And it didn't take long for the satirical columns to start. Bill Nichols in the Dallas Morning News:
As a public service, here are five more requirements for LPGA consideration:
•Minimum score of 1,350 on the SAT or 31 on the ACT
•2,000-word essay on character construction in Finnegan's Wake
•Minimum height of 5-3, maximum height of 5-10
•Change a flat tire in 20 minutes (using an American car, of course)
•Look like Natalie Gulbis

Monty Prepared To Transition To Cheerleading Role If Asked

Oh right, like that's going to happen. From

In the space of a few minutes today Montgomerie went from giving the impression that he would not be interested to saying: "I would certainly think about that decision and anything that would help the European cause I would be for.

"I would help in any way, shape or form - potentially, yes."

Mike Aitken tells us what the bookmakers think and buries the ultimate lede: Monty has won 5 Ryder Cups all on his own!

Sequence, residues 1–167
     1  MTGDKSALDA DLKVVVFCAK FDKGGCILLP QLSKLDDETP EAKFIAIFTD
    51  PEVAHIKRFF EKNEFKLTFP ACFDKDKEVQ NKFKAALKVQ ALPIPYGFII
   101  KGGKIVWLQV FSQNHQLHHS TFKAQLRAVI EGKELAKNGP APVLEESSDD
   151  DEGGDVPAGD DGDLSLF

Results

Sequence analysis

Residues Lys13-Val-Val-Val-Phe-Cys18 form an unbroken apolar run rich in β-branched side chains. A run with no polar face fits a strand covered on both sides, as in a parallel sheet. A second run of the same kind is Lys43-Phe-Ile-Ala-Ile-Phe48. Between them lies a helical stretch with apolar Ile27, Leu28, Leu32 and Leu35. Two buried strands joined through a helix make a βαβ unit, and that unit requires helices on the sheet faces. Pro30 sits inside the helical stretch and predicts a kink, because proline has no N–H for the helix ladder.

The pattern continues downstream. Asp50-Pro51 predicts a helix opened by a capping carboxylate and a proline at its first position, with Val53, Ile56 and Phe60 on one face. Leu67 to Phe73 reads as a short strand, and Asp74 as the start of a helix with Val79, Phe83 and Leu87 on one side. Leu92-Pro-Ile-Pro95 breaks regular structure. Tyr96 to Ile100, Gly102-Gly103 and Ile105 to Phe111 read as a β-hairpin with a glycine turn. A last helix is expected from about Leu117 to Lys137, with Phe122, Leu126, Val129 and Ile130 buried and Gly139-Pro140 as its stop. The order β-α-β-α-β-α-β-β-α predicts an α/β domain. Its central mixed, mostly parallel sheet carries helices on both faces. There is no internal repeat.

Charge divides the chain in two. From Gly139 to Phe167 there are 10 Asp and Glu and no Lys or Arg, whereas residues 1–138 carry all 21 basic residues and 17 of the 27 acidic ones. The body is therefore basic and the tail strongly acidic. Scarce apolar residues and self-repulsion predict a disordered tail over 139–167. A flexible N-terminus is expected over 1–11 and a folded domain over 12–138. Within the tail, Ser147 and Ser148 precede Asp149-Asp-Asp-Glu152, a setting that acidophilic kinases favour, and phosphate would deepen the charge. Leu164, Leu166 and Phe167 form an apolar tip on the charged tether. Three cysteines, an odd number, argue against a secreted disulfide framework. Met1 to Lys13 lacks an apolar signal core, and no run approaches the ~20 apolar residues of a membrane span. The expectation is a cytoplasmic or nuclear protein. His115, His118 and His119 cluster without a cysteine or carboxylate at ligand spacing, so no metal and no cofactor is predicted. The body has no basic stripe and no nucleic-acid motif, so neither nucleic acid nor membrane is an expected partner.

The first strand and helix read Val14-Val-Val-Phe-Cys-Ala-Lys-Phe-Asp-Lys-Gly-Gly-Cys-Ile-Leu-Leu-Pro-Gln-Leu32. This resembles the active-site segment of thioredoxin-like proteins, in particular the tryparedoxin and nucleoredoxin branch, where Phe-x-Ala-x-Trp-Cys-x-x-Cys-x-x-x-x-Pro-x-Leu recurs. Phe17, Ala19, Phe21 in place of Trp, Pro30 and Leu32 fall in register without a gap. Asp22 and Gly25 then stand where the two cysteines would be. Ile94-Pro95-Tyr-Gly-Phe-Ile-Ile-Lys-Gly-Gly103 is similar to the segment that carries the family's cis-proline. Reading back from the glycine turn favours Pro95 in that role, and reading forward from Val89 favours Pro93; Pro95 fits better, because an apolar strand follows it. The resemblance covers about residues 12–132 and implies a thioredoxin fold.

In spite of all the unsubstantiated talk about nods and winks, the bookmakers yesterday made Casey at 2-11 and Darren Clarke at 1-4 the odds-on favourites to win wild cards from Faldo with Poulter, 2-1, and Colin Montgomerie, 5-1, also on offer at short prices.

If Faldo has other lieutenants in mind, and doesn't require Monty's services as a player, the Scot will cheer on Europe from a seat in front of a TV. "Being the only European that's won five Ryder Cups, I'm very honoured to be that person," he said. "I'd be watching and hoping the team make it four wins in a row, which would be exceptional."

Volatility Verdicts

Alan Shipnuck likes the new playoff points system:

The much-hyped playoff format that sportswriters love to hate is off to a rollicking start. Besides the buzz of Sergio's sudden death, there are Ryder Cup spots up for grabs and the new points system has created a lot more more week-to-week excitement. Bottom line: don't ever bet against Finchem.